The Five Solas of the Reformation

Sola Scriptura: The Scripture Alone

The doctrine that the Bible alone is the ultimate authority was the “Formal Principle” of the Reformation. In 1521 at the historic interrogation of Luther at the Diet of Worms, he declared his conscience to be captive to the Word of God saying, “Unless I am overcome with testimonies from Scripture or with evident reasons—for I believe neither the Pope nor the Councils, since they have often erred and contradicted one another—I am overcome by the Scripture texts which I have adduced, and my conscience is bound by God’s Word.” Similarly, the Belgic Confession stated, “We believe that holy Scriptures fully contain the will of God, and that whatsoever man ought to believe unto salvation is sufficiently taught therein—Neither may we consider any writings of men, however holy these men may have been, of equal value those divine Scriptures nor ought we to consider custom or the great multitude, or antiquity, or succession of times and persons, or councils, decrees or statutes, as of equal value with the truth of God—Therefore, we reject with all our hearts whatsoever does not agree with this infallible rule” (VII). Psalm 119:18; Psalm 138:2; 2 Tim 3:14-17.

Soli Deo Gloria: To God Alone Be the Glory

The Reformation reclaimed the Scriptural teaching of the sovereignty of God over every aspect of the believer’s life. God is to be glorified in all things, good and bad. As the Westminster Shorter Catechism asks, “What is the chief end of man? Man’s chief end is to glorify God and to enjoy him forever.” This great and all consuming purpose was emphasized by those in the 16th and 17th centuries who sought to reform the church according to the Word of God. In contrast to the monastic division of life into sacred versus secular perpetuated by Roman Church, the reformers saw all of life to be lived under the Lordship of Christ. Every activity of the Christian is to be sanctified unto the glory of God. 1 Cor 10:31; 1 Pet 4:11; Rev 1:6; 2 Pet 3:1; Eph 3:21; Rev 7:12; Rom 11:36.

Solo Christo: Christ Alone

The Reformation called the church back to faith in Christ as the sole mediator between God and man. While the Roman church held that "there is a purgatory and that the souls there detained are helped by the intercessions of the faithful" and that "Saints are to be venerated and invoked;" that their relics are to be venerated"-the reformers taught that salvation was by Christ's work alone. As John Calvin said in the Institutes of the Christian Religion, "Christ stepped in, took the punishment upon himself and bore the judgment due to sinners. With his own blood he expiated the sins which made them enemies of God and thereby satisfied him…we look to Christ alone for divine favour and fatherly love!" Likewise the Heidelberg Catechism, Question 30 asks, "Do such then believe in Jesus the only Saviour who seek their salvation and happiness in saints, in themselves, or anywhere else? They do not; for though their they boast of him in words yet in deeds they deny Jesus the only deliverer and Saviour: for one of these two things must be true that either Jesus is not a complete Saviour or that they who by a true faith receive this Saviour must find all things in him necessary to their salvation." 1 Tim 2:5-6; Col 1:13-18.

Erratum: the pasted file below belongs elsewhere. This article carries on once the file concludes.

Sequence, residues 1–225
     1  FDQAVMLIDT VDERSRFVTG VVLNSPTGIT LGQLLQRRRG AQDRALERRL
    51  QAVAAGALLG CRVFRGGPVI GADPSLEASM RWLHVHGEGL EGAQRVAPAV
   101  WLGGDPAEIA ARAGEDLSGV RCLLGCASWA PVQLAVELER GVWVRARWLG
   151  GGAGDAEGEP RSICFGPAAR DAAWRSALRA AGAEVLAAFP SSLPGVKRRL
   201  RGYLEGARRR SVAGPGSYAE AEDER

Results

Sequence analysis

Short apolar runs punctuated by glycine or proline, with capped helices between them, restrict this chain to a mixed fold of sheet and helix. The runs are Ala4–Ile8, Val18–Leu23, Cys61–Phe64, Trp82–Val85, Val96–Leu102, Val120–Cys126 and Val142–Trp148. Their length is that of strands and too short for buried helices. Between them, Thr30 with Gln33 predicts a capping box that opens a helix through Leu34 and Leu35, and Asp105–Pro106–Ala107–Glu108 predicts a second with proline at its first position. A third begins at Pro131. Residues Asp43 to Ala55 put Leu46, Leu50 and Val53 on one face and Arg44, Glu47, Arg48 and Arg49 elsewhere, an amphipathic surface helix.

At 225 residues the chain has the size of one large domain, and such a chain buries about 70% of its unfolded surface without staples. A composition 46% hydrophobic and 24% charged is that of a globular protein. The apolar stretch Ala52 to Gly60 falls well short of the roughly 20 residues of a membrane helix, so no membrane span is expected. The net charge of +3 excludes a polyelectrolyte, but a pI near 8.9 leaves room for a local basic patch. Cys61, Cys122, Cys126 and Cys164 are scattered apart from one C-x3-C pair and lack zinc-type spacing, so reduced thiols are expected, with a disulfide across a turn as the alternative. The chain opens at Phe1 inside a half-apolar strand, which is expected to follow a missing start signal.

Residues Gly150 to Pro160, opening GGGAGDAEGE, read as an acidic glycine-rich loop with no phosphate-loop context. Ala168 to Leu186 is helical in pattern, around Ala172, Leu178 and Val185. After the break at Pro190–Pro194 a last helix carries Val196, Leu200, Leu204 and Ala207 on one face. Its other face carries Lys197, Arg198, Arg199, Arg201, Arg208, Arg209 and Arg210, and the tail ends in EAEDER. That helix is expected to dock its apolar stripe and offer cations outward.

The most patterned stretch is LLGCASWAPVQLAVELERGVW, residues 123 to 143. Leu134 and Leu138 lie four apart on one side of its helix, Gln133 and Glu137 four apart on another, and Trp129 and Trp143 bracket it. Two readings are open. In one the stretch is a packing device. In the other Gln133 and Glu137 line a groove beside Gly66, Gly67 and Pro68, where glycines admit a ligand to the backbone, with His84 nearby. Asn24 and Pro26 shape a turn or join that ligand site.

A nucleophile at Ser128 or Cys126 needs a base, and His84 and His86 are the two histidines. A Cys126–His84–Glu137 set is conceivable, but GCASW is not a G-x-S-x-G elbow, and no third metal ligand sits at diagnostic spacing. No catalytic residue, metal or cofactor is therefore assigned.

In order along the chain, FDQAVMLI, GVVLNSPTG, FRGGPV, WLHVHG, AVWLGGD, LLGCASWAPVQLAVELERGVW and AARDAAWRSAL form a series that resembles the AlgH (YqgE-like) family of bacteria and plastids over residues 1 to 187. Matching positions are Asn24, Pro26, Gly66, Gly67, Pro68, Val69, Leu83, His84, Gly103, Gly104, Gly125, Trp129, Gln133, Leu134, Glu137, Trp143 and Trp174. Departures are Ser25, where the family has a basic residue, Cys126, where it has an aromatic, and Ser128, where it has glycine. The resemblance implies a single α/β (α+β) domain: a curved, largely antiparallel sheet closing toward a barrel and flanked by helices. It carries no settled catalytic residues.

Sola Gratia: By Grace Alone

A central cry of the Reformation was salvation by grace. Though the Roman church taught that Mass is a “sacrifice (which) is truly propitiatory” and that by the Mass “God…grant(s) us grace and the gift of penitence, remits our faults and even our enormous sins”…the reformers returned to the biblical doctrine of salvation by grace through faith. Christ’s righteousness is imputed to us by grace through his atoning work. In contrast to the doctrines of self-merit taught by Rome, sola gratia and the accompanying doctrines of grace…total depravity, unconditional election, particular redemption, and perseverance of the saints…were preached by all the reformers throughout the Protestant movement. As the Baptist Confession of 1689 says, “Christ, by his obedience and death, did fully discharge the debt of all those that are justified; and did, by the sacrifice of himself in the blood of the cross, undergoing in their stead the penalty due unto them, make a proper, real, and full satisfaction to God’s justice in their behalf…their justification is only of free grace, that both the exact justice and rich grace of God might be glorified in the justification of sinners.” Eph 1:3-8

Sola Fide: By Faith Alone

The “Material Principle” of the Reformation was justification by faith alone. As the Westminster Confession of Faith says, “Faith thus receiving and resting on Christ and his righteousness, is the alone instrument of justification: yet is it not alone in the person justified, but is ever accompanied with all other saving graces, and is no dead faith, but worketh by love.” The Genevan Confession likewise pointed out the necessity of those justified living by saying, “We confess that the entrance which we have to the great treasures and riches of the goodness of God that is vouchsafed us is by faith; inasmuch as, in certain confidence and assurance of heart, we believe in the promises of the gospel, and receive Jesus Christ as he is offered to us by the Father and described to us by the Word of God (Genevan 11). Gal 3:6-11.



Resource: Gregg Strawbridge, Ph.D.